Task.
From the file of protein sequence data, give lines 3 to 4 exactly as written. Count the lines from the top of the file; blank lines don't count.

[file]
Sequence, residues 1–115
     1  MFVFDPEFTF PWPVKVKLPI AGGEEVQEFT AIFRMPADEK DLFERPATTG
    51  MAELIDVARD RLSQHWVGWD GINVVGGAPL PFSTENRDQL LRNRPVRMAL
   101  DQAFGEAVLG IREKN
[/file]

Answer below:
    51  MAELIDVARD RLSQHWVGWD GINVVGGAPL PFSTENRDQL LRNRPVRMAL
   101  DQAFGEAVLG IREKN